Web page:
What is Insulated Vinyl Siding? Vinyl Siding vs Insulated Vinyl Siding

Insulated siding vs traditional vinyl siding

Insulated vinyl siding is simply traditional vinyl siding with rigid-foam insulation attached behind it. This foam provides several benefits, including better resistance to warping and increased R-value, a measure of the insulation’s effectiveness.

While we believe that insulated vinyl siding is generally the best choice in most situations, there are certain cases where traditional siding may work better for some homeowners. In this guide, we provide a thorough comparison of insulated siding vs. standard vinyl siding by discussing the affordability, attractiveness, energy savings, ease of installation, durability and resale value of each.

How Much Does Insulated Vinyl Siding and Traditional Vinyl Siding Cost?

How Much Does Insulated Vinyl Siding And Traditional Siding Cost

The upfront cost of your vinyl siding depends on a number of factors, including the benefits and features you choose. Factors include:

  • Your home’s size: The larger the surface area, the more siding required.
  • Your home’s location: Siding may cost more in more expensive or remote areas.
  • The number of doors and windows: The more openings you have, the more complicated the installation.
  • The colors: Darker shades tend to cost more.
  • The profiles: Premium profiles cost more than standard ones.
  • The time of installation: It costs more to install during certain times of the year.
  • The siding currently on your home: Some siding materials cost more to remove than others.
  • Damage underneath the siding: Sometimes damage can only be discovered once the original siding has been removed.
  • Other additional features: These include weather-resistive barriers as well as those that protect against pests and moisture.
  • R-value: Insulated vinyl siding with higher R-values cost more.
  • The installation company’s qualifications: The costs of the labor will vary. You should consider a company that is bonded, licensed and insured.

We’ll discuss several of these factors in greater detail below.

Generally speaking, insulated vinyl siding is more expensive than its non-insulated counterpart. The higher price is due to the following factors:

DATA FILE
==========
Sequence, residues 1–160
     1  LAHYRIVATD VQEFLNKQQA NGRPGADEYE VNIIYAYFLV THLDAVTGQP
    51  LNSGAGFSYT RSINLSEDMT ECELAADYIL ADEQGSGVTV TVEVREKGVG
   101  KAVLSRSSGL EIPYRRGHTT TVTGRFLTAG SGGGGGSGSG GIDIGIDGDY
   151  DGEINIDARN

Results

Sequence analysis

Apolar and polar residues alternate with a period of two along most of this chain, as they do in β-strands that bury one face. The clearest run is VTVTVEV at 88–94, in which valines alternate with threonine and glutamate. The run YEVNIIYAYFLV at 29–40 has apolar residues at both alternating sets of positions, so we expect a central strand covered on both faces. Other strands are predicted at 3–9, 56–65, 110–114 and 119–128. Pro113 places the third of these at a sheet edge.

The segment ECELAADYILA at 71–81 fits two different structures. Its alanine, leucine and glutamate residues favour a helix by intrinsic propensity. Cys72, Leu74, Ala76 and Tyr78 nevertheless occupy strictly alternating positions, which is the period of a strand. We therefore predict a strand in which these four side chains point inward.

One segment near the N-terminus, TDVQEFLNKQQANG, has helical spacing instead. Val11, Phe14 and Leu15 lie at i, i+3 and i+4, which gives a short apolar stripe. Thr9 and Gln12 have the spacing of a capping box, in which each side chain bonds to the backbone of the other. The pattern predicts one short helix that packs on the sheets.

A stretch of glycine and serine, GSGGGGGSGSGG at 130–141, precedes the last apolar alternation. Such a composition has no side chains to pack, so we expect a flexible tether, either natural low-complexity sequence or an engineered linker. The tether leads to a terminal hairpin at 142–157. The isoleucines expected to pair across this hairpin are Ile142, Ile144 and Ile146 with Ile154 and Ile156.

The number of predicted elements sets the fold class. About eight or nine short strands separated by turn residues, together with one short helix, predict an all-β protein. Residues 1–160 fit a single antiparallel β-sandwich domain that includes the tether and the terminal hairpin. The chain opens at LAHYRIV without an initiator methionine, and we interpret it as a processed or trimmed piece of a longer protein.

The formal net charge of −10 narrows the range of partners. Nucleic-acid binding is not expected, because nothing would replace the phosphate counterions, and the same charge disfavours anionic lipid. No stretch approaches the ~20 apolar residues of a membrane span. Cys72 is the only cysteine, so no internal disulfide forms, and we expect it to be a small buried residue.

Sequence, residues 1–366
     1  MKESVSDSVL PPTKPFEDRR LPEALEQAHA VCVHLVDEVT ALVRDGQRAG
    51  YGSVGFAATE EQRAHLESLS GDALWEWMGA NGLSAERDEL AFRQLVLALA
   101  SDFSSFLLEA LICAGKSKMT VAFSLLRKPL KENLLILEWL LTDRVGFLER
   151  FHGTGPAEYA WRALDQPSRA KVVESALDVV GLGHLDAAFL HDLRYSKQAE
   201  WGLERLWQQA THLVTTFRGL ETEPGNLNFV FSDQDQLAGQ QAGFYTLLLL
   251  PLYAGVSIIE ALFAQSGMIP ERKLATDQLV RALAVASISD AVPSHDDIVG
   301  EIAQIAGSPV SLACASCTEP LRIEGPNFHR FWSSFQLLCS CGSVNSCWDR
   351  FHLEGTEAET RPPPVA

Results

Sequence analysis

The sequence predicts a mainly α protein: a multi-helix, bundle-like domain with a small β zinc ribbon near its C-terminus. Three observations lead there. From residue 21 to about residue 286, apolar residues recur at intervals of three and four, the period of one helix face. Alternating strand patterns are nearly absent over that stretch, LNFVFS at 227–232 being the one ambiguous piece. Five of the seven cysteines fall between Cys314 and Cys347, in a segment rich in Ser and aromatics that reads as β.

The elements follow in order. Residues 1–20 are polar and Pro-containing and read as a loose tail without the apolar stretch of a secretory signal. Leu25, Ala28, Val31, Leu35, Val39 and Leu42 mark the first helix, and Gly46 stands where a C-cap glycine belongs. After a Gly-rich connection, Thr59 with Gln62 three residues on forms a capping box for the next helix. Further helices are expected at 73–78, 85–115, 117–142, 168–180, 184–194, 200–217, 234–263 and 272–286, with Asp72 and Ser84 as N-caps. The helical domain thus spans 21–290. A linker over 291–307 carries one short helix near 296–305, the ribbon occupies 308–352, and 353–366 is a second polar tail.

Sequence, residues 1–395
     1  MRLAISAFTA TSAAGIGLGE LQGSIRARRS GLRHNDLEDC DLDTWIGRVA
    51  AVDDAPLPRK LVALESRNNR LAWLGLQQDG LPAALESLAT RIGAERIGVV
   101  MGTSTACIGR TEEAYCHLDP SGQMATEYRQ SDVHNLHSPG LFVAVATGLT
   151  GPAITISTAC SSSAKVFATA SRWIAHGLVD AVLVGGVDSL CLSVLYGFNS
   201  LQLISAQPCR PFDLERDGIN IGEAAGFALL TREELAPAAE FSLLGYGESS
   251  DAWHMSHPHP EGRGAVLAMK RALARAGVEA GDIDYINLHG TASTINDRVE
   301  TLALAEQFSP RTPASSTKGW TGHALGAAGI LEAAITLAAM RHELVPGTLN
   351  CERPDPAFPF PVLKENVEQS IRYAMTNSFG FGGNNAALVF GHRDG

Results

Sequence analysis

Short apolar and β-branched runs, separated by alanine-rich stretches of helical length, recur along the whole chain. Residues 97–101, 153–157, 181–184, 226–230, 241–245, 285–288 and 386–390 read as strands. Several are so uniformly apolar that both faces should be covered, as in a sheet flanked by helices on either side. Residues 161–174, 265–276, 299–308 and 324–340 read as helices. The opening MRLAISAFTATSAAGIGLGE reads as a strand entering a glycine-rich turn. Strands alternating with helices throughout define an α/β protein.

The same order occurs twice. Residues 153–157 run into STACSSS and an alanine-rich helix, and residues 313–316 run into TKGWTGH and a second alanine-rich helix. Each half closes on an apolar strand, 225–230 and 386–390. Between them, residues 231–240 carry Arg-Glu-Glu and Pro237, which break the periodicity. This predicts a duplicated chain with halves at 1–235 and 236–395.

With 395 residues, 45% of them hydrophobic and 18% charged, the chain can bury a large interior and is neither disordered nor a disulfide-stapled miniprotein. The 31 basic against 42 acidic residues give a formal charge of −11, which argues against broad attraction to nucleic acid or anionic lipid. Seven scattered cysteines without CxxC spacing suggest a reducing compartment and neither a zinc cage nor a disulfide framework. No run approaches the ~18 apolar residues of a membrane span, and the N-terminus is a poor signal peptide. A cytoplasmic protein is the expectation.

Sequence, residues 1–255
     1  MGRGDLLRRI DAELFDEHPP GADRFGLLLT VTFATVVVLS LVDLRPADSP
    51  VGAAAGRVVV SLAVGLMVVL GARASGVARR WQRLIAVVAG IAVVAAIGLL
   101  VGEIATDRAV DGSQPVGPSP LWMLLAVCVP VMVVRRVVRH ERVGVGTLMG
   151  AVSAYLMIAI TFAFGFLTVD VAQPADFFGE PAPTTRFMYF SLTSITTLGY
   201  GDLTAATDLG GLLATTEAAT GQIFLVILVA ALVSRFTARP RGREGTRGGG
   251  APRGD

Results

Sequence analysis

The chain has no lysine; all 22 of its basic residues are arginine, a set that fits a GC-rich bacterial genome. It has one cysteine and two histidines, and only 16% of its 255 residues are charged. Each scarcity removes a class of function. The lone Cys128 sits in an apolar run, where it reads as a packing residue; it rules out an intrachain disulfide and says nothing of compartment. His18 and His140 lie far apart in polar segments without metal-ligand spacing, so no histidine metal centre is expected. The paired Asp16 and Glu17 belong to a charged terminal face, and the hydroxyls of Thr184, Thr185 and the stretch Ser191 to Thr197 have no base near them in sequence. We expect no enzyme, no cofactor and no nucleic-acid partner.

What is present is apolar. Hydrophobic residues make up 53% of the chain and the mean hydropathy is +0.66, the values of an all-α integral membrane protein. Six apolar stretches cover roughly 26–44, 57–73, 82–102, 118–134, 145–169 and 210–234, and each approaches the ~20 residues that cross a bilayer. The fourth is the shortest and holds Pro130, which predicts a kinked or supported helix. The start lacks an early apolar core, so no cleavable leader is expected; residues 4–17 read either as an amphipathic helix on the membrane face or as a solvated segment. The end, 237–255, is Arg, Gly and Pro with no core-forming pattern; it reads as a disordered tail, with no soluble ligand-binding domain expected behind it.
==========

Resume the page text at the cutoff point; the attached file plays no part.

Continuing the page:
• More material: There is simply more to the product.
  • Higher shipping costs: Bulkier items are more costly to ship.
  • More complicated installation: Installing insulated vinyl siding often requires more steps.
  • More color options: Insulated vinyl siding is available in a variety of high-quality profiles and colors, which are more costly to manufacture.

Fortunately, vinyl siding — whether insulated or not — is the lowest-maintenance siding product available, which significantly lowers its lifetime costs. Whereas wood and fiber cement are good options too, they need to be regularly scraped, caulked and painted. Vinyl needs nothing more than a simple cleaning every now and then, which requires only water, soap and a scrub brush.

It is only insulated vinyl siding, however, that can lower your utility bills, thanks to the energy savings it provides. This makes its lifetime cost even lower than non-insulated vinyl siding. Furthermore, the foam behind insulated siding helps to protect your home from impacts, meaning you’ll likely be spending less on your repairs over the course of the siding’s lifetime.

How Attractive Is Insulated Vs Uninsulated Vinyl Siding?

How Attractive is Insulated Vs Uninsulated Vinyl Siding

As the exterior walls of a home greatly influence its curb appeal, replacing your old, dated and worn out siding with a new, modern product will do wonders for the appearance of your home. In the past few years, barn red, navy blue, charcoal and other bold, dark colors have been particularly popular.

Whether you’d like your home to stand out or blend in with the rest your neighborhood, both insulated and non-insulated siding options come in a wide variety of colors and profiles, although there are some differences in how these products look.

Insulated vinyl siding includes contoured foam, which provides the siding panel with added support. This allows companies to manufacture their siding in the rich, dark colors that were once susceptible to damage by high temperatures. It also allows them to make flatter, wider profiles than was ever possible before. The foam allows the profile lines to stay crisp and sharp so that they can closely imitate the look of authentic wood.